I have not thought about Pavel's problem but it looks very interesting ! Maybe the solution should be found by recurence starting from Enuma's proposal of finding 2 H from 3 tosses.

CRGreathouse
Homework Helper
Numerically, I get 4.03537%. That's higher than I would have expected.

matt grime
Homework Helper
Numerically, I get 4.03537%. That's higher than I would have expected.

Which just goes to prove the observation that people don't really 'get' probability - if asked to write down a 'random' string of Hs and Ts, people never put enough long runs of Hs or Ts in it. They make it 'too' random. Just consider splitting the 84000+ trials into batches of 20 tosses, then there 4320 of those alone (1-20,21-40,....). The probability you see a run of 20 in those subsets alone is approx 0.5%.

EnumaElish
Homework Helper
I have come along and observed Enumafish, causing his two superposed states to collapse into one, thus the answer is...
I don't get the point?

EnumaElish
Homework Helper
It's actually 3/8. HHH also qualifies as 2 heads in a row.
I was going with "there was one run of 20 heads in a row." I am not sure that HHH qualifies as ONE run of two heads.

CRGreathouse
Homework Helper
Which just goes to prove the observation that people don't really 'get' probability - if asked to write down a 'random' string of Hs and Ts, people never put enough long runs of Hs or Ts in it. They make it 'too' random. Just consider splitting the 84000+ trials into batches of 20 tosses, then there 4320 of those alone (1-20,21-40,....). The probability you see a run of 20 in those subsets alone is approx 0.5%.

Well, at least I was going in the right direction -- Simon 6's method would have given 7.90775%, which is almost double the true answer. He actually calculated the chance of 20 heads in a sequence of 1,814,000 coin flips where every 21st is tails and the remainder are fair. In these terms your lower bound (0.41114%) is 88,200 flips where every 21st is tails.

I was going with "there was one run of 20 heads in a row." I am not sure that HHH qualifies as ONE run of two heads.

I see where the confusion is, my bad. There's a difference between one run of 20 heads in a row and one run of at least 20 heads in a row. You took it in the former interpretation and I meant the latter one. You know what, I think the at least calculation looks more involved, so let's stick with your interpretation - what's the probability of having exactly one run of exactly 20 heads over a period of 1 day (1 toss per sec).

In that case, I'm not sure I can agree with the "batch" approach as stated by Matt. As I mentioned in my opening post, if i toss 5 heads on the last 5 tosses of one batch and 15 heads on the first 15 tosses of the next batch, your calculation would not take that into a count as "success hit", because the batch itself was not 20 heads in a row, right?? But that scenario would indeed qualify as a successful run of 20 heads in a row.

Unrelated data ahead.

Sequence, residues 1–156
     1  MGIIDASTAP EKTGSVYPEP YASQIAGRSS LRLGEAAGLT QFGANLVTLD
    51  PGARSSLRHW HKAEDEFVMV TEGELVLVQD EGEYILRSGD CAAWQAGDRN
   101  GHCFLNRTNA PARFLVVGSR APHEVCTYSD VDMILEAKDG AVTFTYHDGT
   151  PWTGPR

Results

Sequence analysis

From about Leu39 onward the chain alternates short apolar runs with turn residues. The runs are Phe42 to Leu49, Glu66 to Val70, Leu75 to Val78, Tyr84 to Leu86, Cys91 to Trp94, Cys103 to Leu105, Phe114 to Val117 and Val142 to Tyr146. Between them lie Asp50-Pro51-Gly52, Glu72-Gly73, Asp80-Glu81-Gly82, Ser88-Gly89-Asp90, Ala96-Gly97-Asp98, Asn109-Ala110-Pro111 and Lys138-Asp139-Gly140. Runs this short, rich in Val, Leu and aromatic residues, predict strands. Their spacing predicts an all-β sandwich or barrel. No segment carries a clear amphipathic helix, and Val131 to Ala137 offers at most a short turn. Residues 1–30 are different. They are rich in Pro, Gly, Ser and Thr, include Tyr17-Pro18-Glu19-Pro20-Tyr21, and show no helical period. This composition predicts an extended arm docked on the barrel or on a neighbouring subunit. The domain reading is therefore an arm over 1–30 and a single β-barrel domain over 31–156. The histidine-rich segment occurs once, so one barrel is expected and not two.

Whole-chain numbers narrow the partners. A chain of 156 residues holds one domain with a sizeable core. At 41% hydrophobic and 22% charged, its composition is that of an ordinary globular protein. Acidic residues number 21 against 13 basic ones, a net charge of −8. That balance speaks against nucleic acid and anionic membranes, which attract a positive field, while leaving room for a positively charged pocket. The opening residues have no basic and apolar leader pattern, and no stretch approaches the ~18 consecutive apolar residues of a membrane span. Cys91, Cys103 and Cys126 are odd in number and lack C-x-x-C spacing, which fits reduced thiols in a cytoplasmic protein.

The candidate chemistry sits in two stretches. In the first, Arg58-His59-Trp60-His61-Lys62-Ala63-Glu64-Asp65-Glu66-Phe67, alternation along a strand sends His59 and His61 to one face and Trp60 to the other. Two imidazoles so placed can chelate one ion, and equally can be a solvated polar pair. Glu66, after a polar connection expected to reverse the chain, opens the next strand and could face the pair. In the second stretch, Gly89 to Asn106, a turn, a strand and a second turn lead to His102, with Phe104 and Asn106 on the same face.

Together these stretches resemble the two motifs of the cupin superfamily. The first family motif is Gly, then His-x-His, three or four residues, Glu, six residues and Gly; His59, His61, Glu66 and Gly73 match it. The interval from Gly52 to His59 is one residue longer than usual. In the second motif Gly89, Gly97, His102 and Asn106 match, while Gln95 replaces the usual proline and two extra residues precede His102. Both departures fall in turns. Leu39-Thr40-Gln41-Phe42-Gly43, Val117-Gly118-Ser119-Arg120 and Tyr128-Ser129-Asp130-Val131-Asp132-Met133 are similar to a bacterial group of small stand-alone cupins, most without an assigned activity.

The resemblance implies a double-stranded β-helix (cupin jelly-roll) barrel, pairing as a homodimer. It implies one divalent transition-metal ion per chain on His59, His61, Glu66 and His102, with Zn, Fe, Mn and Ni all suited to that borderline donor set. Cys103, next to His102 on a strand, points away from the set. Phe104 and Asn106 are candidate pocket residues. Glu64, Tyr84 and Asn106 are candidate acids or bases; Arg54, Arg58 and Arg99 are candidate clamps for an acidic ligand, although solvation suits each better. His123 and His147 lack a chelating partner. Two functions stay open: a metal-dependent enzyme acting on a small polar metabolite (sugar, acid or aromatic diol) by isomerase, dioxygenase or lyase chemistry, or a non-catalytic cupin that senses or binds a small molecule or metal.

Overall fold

If the batches are to be considered at all, then I think they should be 1-20; 2-21; 3-22 and so on. Then every batch has a probability of 2 to the power of 20 to be all heads. And there are 86400 - 20 batches. So, the probability of one batch to be all heads is then 1/1048576 * 86,380 = 0.082, which is 8%. Hmm, sounds kinda high, but wouldn't this be a better approach?

CRG, how did you come up with 4%? Do you mind showing. That answer sounds intuitevely better, although I understand that you should never listen to intuition when it comes to stats.

Thanks again!

Pavel.

Hmm, I just realized that by my logic, the probability of tossing one tail out of 10 tosses (for example) would be 0.5 * 10 = 5, which is clearly absurd. I still like my modified batch approach though, but I also realized that these types of batches (1-20; 2-21; 3-22 etc.) require 86,400 / 20 since each batch lasts 20 seconds. So, I now need to find what the probability of having one success hit (p=1/1048576) out of 86,400 / 20 trials is. Should I use the Binomial distribution to do that? If so, exactly 1 run of 20 heads in a row would be:

number of combinations in which the success batch can happen out of 4,320possible batches, multiplied by (1/1048576 - probability of 20 heads in row), multiplied by (1 - 1/1048576) to the power of 4,320 - 1. (can somebody please enlighten me on how you encode formulas in your replies?).

So, I get (4320! / 4319!) * 0.00000095367431640625 * 0.99588954978525571010254410505008 = 0.0041029385138247534443311601007617